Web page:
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Re: Conditional negation elimination in tree-ssa-phiopt.c


On Tue, Aug 12, 2014 at 12:31 PM, Kyrill Tkachov <kyrylo.tkachov@arm.com> wrote:
>
> On 12/08/14 10:39, Richard Biener wrote:
>>
>> On Mon, Aug 11, 2014 at 9:56 PM, Jeff Law <law@redhat.com> wrote:
>>>
>>> On 08/11/14 07:41, Kyrill Tkachov wrote:
>>>>
>>>>
>>>> I haven't been able to get combine to match the comparison+xor+neg+plus
>>>> RTL and it seems like it would be just a workaround to undo the
>>>> tree-level transformation.
>>>
>>> Yea, it'd just be a workaround, but it's probably the easiest way to deal
>>> with this problem.  Can you describe in further detail why you weren't
>>> able
>>> to get this to work?
>>
>> Too many instructions to combine I guess.  You might want to add
>> intermediate "combine" insn-and-splits.  If that's still a no-go then
>> read on.
>
>
> From the combine dump I can see that it tried to combine up to:
> (set (reg/i:SI 0 x0)
>     (plus:SI (xor:SI (neg:SI (reg:SI 84 [ D.2565 ]))
>             (reg:SI 73 [ D.2564 ]))
>         (reg:SI 84 [ D.2565 ])))
>
> What I need is for that reg 84 to be the result of the comparison, something
> like:
> (ne (cc_reg) (const_int 0)) which I couldn't get combine to shove in there.
>
>
> On the other hand, I did manage to write a peephole2 that detected the
> sequence of compare+neg+xor+plus and transformed it into the if_then_else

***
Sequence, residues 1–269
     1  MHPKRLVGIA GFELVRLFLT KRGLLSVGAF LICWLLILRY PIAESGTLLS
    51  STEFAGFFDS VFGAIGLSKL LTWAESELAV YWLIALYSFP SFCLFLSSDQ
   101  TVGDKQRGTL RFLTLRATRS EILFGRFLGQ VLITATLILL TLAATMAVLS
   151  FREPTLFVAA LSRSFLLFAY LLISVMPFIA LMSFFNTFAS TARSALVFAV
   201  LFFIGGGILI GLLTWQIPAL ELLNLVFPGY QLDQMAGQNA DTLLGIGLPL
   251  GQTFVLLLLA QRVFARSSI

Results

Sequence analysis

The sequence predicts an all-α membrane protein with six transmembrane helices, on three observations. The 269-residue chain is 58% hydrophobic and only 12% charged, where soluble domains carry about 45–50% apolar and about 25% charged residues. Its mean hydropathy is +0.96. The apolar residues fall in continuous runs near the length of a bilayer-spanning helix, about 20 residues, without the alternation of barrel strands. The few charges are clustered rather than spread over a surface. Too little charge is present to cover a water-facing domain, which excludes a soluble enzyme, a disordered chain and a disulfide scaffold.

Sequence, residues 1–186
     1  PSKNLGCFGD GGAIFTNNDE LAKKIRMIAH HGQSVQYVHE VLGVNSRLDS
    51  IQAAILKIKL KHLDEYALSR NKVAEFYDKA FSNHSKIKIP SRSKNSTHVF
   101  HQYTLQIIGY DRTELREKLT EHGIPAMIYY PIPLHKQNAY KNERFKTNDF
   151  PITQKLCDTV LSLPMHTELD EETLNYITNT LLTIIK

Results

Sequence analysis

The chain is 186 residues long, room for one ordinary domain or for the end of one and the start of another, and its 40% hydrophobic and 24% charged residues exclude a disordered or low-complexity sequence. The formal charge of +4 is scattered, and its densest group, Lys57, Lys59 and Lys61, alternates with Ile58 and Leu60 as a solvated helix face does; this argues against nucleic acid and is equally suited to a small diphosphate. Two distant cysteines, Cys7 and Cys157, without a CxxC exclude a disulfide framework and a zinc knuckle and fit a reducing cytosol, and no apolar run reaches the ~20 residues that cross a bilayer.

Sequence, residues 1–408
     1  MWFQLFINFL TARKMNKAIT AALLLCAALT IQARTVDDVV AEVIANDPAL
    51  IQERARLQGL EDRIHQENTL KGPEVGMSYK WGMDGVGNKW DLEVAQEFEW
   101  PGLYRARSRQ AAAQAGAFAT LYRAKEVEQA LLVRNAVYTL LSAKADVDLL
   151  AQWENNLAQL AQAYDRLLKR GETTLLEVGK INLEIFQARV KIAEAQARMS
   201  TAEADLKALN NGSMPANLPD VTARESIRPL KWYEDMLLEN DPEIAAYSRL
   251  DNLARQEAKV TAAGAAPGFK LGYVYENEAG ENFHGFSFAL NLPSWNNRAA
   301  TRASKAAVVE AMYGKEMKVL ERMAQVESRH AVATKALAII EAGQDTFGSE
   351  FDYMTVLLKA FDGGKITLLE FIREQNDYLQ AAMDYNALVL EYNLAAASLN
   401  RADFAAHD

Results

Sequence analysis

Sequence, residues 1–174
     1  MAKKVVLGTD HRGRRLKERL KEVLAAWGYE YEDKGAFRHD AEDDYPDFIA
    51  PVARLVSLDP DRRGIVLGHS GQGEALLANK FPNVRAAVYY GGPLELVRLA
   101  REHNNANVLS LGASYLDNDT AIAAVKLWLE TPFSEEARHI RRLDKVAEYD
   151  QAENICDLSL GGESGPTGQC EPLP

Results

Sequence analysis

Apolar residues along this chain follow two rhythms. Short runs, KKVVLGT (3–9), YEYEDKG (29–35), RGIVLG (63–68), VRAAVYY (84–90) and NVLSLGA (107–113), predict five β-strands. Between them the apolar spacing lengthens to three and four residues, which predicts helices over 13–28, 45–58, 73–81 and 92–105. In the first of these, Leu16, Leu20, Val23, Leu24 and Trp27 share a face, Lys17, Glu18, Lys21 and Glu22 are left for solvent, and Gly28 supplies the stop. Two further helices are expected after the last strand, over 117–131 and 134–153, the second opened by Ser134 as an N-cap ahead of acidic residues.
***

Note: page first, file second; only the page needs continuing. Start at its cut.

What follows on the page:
> form that our current conditional negation pattern has, although I'm not
> sure how flexible this is.
>
>
>>
>> OTOH a suitable place to "undo" would be smarter RTL expansion
>> that detects this pattern (and hope for TER to still apply - thus
>> no CSE opportunities going in your way).  For your testcase TER
>> allows
>>
>> r_5 replace with --> r_5 = (int) _4;
>>
>> _8 replace with --> _8 = _4 != 0;
>>
>> _10 replace with --> _10 = -_9;
>>
>> _11 replace with --> _11 = _10 ^ r_5;
>>
>> _12 replace with --> _12 = _11 + _9;
>>
>> which unfortunately already "breaks" because of the multi-use _9
>> and _4.
>>
>> Now - the way out here is a GIMPLE pass right before expansion
>> that performs pattern detection and generates target specific code
>> suitable
>> for optimal expand.  Fortunately we already have that with
>> pass_optimize_widening_mul (which does widen-mul and fma detection).
>
>
> Maybe we can piggyback on this pass then? (probably renaming it to something
> more generic in the process...)
>
>
>>
>> This is the place where you'd deal with such pattern, generating
>> a suitable compound operation (or two, dependent on expansion
>> and insn pattern details).  This of course usually requires new
>> tree codes or internal functions.  For more arcane stuff like
>> your conditional negate I'd prefer an internal function.
>
>
> What is an internal function in this context? Is that like a target-specific
> builtin?
>
>
>>
>> Of course you then have to add an optab or a target hook to
>> do custom internal function expansion.  I suppose for internal
>> functions a target hook would be nicer than a generic optab?
>
>
> So something like TARGET_EXPAND_CONDITIONAL_NEGATION that gets called from
> the aforementioned GIMPLE pass when it finds a an appropriate sequence of
> compare+neg+xor+plus ?

More like TARGET_CAN_EXPAND_IFN with the new GIMPLE internal-fn
and a TARGET_EXPAND_IFN to actually perform the expansion.

Richard.

> Thanks for the pointers,
> Kyrill
>
>
>>
>> Thanks,
>> Richard.
>>
>>
>>
>>>> What is the most acceptable way of disabling this transformation for a
>>>> target that has a conditional negation instruction?
>>>
>>> In general, we don't want target dependencies in the gimple/ssa
>>> optimizers.
>>>
>>> Jeff
>
>
>


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